Memorandum from Paul Flynn MP
1. As a long-standing campaigner on issues
relating to illegal drugs, I wish to make a short submission in
contribution to this case study. I would also note my support
for the submission made by Transform.
2. With very few exceptions, Government
policy decisions on illegal drugs appear to be largely evidence
3. The Strategy Unit, based in No 10 Downing
Street, produced a report in 2003 looking at policy to reduce
the harm caused by illegal drugs. After much pressure and with
the use of the Freedom of Information Act, the report was made
public in 2005. The report reached conclusions which were surprising
given the consensus about illegal drugs which tends to exist in
Government against legalisation. A summary was provided by Transform
(below) and concluded that current policies in the "war"
on drugs had failed.
Prohibition has failed to prevent
or reduce the production of drugs.
Prohibition has failed to prevent
or reduce the trafficking/availability of drugs.
Prohibition has failed to reduce
levels of problematic drug use.
Prohibition has inflated prices of
heroin and cocaine, leading some dependent users to commit large
volumes of acquisitive crime. Even if such supply interventions
could further increase prices, this could increase harms, as dependent
users commit more crime to support their habits.
(Strategy Unit Drugs Project TDPF Executive
Summary, Phase 1 Report: "Understanding the Issues")
4. It is clear that, in spite of the powerful
conclusions of this report, it has not been incorporated into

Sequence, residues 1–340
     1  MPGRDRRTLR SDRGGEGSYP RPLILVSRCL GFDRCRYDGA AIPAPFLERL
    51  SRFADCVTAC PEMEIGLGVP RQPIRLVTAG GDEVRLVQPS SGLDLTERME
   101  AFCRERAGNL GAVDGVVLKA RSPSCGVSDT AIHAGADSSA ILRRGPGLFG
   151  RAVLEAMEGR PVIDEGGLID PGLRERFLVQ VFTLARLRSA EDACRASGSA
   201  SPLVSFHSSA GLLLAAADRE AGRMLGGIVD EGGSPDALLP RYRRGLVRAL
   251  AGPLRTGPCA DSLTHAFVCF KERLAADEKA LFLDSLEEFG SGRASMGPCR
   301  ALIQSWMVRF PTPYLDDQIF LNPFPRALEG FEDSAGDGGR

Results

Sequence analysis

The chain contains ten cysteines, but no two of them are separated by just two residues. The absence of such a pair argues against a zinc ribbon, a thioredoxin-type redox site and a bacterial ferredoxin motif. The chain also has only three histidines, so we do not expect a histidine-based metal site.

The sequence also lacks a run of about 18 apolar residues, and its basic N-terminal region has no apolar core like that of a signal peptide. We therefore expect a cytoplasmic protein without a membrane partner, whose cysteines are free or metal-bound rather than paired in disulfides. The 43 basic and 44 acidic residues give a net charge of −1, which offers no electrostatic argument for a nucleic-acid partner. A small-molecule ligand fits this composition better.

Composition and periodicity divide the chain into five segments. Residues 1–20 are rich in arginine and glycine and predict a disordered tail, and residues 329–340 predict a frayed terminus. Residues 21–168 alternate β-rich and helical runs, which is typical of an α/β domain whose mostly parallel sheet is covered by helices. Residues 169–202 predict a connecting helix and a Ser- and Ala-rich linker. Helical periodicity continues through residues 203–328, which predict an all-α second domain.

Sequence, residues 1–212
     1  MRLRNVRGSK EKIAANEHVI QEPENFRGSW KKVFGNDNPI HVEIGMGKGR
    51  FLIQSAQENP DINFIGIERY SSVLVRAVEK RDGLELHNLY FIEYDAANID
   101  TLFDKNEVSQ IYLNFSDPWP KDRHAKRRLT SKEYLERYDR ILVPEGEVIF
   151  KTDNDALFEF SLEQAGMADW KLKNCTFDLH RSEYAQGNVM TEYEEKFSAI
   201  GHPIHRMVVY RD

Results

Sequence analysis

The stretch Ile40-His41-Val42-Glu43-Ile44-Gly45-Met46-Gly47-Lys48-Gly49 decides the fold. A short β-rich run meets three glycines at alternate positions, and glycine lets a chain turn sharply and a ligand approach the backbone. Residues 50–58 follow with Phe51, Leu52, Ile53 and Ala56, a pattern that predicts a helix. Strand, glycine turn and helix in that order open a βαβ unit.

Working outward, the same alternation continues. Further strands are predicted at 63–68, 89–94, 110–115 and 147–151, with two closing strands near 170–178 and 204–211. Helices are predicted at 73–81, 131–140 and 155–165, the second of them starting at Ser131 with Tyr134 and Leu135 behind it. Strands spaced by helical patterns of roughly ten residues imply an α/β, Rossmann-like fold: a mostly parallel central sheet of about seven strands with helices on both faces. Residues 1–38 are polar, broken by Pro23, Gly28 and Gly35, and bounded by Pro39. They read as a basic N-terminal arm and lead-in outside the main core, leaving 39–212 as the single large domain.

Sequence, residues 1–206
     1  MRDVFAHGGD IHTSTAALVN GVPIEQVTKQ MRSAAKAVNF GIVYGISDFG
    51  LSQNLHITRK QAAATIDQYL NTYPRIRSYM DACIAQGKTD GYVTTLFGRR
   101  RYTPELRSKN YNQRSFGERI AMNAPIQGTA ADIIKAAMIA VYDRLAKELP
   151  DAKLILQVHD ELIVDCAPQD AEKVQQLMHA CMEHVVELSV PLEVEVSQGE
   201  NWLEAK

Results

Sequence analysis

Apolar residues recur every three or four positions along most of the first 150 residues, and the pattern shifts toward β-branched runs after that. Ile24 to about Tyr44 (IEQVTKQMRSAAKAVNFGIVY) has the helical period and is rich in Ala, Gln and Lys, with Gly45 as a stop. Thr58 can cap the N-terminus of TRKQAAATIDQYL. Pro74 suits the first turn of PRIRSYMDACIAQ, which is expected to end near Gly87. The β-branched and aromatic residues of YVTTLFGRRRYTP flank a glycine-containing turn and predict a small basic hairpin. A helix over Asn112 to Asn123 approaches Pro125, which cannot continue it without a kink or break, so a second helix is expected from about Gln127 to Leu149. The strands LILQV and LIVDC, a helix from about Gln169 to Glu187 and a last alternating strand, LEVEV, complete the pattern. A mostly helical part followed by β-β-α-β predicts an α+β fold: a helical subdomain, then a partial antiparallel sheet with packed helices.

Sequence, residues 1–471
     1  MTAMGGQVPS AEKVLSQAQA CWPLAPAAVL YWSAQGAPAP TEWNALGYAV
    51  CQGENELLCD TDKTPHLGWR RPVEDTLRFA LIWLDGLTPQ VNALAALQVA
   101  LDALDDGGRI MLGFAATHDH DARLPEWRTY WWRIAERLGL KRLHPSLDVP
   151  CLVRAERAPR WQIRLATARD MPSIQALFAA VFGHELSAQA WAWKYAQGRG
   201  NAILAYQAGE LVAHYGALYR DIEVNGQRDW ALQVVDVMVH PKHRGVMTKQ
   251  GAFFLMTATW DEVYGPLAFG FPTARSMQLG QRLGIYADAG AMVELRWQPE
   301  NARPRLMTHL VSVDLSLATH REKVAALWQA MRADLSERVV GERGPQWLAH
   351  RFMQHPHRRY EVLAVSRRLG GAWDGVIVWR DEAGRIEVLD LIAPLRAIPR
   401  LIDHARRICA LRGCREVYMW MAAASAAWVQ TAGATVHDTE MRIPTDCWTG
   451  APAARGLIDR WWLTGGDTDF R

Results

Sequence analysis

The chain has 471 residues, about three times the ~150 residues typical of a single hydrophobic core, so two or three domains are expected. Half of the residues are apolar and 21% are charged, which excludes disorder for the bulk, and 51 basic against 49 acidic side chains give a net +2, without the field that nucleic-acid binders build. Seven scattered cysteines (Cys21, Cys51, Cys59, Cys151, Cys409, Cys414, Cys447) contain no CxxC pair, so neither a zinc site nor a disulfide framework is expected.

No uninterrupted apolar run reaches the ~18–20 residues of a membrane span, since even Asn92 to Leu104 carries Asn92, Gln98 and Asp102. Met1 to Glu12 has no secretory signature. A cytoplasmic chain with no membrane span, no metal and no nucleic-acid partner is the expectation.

5. The announcement by the Home Secretary
to maintain the classification of cannabis as a Class C drug proves
that the advice of the Advisory Council on the Misuse of Drugs
has been considered and largely followed. In the same statement
the plea for the prohibition of the drug Khat was rightly rejected.
Ministers have not bowed to popular pressure in these instances.
6. Prior to the General Election 2005, the
Drugs Act classified magic mushrooms as a Class A drug. This is
contrary to evidence that the Home Office itself presented as
part of its argument supporting the change. In answer to a Parliamentary
Question, I was given a list of the evidence used. None of these
documents gave cause for concern.
7. The conclusions of the risk assessment
by the Coordination Centre for the Assessment and Monitoring of
new drugs (CAM) and the article by Hasler et al both suggest
that public health factors are not a main determinant of policy.
The CAM report states in its conclusion, "the use of paddos
does not, on balance, present any risk to the health of the individual"
and "the risk to public health is therefore judged to be
low." The Hasler article concludes "our investigation
provided no cause for concern that administration of PY to healthy
subjects is hazardous with respect to somatic health."
8. The policy appears to have been driven
by something other than evidence. Magic mushrooms present very
little danger to public health (the ONS records one death from
mushroom poisoning since 1993) and this policy ignores the fact
that traders in mushrooms were very clear that they could advise
customers about potential risks. The classification of one class
of mushroom could create more harm by encouraging an unchecked
trade more likely to involve those with malicious intent. Other
more dangerous mushrooms, not covered by the current law, could
be substituted for those that are prohibited.